If humanity is aligned, and the less-smart-than-human AI doesn’t have access to extraordinary technology or other means to grant itself invulnerability and / or quickly kill a critical mass of humans before we can think our way around it, it should be the case that humans win easily. It is difficult to imagine a less-intelligent-than-human AI reliably obtaining such hedges without human assistance.
So, to be clear, you don’t think confidently naming people by first name as destroying the world can be parsed emotionally by them?
Mentions of AI companies / AI personalities on LW will intrinsically tend to be adversarial, even if the author spares a polemic or use of terms like “so and so is working to destroy the world” because misaligned AI destroying the world is clearly THE focus of this community. So it can be argued that to be meaningful, a policy of no names would need to be applied to practically any discussion of AI as even if some AI content is framed positively by the author, the community at large will predictably tend to see it in existential risk terms.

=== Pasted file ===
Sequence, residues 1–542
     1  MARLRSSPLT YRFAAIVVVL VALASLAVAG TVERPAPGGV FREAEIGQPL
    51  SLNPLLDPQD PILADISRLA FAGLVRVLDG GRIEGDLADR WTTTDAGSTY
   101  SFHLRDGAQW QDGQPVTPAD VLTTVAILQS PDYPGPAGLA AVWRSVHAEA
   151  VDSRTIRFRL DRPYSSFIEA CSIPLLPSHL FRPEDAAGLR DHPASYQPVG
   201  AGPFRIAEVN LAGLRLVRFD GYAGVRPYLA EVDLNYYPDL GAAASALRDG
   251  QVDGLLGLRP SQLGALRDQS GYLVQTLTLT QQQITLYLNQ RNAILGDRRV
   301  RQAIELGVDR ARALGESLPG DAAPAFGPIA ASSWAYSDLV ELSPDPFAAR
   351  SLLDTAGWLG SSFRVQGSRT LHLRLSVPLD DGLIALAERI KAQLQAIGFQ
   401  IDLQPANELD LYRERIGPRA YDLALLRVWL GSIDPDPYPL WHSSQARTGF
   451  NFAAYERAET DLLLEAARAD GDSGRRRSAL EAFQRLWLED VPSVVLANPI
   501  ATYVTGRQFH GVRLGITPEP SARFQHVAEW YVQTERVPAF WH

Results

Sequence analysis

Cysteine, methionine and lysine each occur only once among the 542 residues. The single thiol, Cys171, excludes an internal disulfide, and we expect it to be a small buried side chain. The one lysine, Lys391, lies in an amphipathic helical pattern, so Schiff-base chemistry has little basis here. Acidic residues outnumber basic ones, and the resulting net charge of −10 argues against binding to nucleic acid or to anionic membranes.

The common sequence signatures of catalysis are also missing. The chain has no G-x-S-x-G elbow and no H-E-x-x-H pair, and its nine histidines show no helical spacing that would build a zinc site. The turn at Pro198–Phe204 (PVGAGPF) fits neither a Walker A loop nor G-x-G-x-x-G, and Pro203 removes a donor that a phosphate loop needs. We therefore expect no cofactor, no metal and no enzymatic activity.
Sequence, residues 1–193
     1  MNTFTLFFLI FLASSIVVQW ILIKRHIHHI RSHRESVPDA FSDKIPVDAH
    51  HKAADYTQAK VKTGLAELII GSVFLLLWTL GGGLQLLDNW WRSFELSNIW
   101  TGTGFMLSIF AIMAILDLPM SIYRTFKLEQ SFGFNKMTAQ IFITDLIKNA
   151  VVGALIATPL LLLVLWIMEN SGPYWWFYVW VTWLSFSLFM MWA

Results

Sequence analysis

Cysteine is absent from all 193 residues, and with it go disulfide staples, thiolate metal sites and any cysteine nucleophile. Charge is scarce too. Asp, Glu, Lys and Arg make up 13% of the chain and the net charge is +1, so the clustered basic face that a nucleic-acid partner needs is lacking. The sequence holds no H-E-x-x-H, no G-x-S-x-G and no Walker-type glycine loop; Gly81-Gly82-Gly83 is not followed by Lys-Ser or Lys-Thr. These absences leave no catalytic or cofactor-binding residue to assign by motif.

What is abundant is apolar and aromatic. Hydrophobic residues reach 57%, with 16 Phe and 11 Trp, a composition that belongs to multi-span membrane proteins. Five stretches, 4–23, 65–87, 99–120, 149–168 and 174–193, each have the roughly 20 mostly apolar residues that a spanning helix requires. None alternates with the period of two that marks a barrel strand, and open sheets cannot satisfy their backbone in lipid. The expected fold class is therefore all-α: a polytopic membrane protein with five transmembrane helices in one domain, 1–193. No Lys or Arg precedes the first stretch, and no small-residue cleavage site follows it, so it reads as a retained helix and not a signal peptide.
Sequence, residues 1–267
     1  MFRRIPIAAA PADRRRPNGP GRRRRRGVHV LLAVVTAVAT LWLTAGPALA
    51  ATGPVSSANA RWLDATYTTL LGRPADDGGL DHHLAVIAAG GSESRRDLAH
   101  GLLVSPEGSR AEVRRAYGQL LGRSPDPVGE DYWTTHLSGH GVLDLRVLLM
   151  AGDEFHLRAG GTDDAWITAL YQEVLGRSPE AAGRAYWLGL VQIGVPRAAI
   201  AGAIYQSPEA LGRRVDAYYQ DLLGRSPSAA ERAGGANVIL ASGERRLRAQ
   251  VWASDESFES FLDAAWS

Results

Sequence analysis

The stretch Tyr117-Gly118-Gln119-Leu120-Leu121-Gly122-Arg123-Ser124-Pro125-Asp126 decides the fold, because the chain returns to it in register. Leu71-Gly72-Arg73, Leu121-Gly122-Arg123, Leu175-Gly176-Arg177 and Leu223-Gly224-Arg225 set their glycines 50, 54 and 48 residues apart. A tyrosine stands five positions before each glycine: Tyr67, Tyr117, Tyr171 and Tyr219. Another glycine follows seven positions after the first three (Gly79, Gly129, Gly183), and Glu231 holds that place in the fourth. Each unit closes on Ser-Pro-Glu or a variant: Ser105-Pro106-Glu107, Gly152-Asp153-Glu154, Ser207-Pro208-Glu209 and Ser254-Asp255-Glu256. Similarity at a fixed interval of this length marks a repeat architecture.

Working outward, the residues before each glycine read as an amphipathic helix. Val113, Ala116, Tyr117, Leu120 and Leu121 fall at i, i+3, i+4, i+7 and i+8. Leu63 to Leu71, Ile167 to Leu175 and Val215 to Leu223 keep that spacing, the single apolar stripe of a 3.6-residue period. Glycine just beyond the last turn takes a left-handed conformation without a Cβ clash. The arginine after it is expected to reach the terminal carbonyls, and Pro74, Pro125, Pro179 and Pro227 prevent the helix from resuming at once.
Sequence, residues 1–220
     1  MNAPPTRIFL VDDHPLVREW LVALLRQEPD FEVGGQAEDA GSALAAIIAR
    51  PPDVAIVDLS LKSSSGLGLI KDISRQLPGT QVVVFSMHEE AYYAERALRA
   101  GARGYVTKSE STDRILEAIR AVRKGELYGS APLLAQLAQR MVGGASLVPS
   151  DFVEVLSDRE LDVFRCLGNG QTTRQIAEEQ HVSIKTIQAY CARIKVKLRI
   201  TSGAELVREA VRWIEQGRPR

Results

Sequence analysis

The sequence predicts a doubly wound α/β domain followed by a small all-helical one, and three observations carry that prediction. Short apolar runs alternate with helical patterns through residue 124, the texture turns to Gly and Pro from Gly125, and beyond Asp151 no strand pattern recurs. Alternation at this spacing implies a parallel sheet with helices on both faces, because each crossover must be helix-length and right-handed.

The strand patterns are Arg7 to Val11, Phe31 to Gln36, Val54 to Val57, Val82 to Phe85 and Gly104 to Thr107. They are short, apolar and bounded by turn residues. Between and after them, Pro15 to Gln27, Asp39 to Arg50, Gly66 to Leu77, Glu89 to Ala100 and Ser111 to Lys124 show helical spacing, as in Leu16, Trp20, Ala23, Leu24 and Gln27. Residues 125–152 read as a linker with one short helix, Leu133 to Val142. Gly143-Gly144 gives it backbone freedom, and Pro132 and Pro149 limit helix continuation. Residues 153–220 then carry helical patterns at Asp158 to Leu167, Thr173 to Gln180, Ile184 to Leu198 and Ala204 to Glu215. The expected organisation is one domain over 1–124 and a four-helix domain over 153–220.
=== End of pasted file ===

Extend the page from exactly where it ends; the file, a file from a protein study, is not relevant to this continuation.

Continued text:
That’s one issue. Personally, the calculus seems pretty simple: this well-behaved community and its concerns are largely not taken seriously by “the powers” who will predictably create AGI, there is little sign that these concerns will be taken seriously before reaching AGI, and there is almost no reason to think that humanity will pause to take a break and think “maybe we should put this on hold since we’ve made no discernible progress toward any alignment solutions” before someone trains and runs an AGI. So a conclusion that could be drawn from this is, we might as well have nice uncensored talks about AI free from petty rules until then.
This seems like a case of making a rule to fix a problem that doesn’t exist.
Are people harassing individual AI labs or researchers? The tendency for reasonable people who are worried about AI safety should be to not do so, since it predictably won’t help the cause and can hurt. So far there does not seem to be any such problem of harassment discernible from background noise.
Naming individual labs and / or researchers is interesting, useful, and keeps things “real.”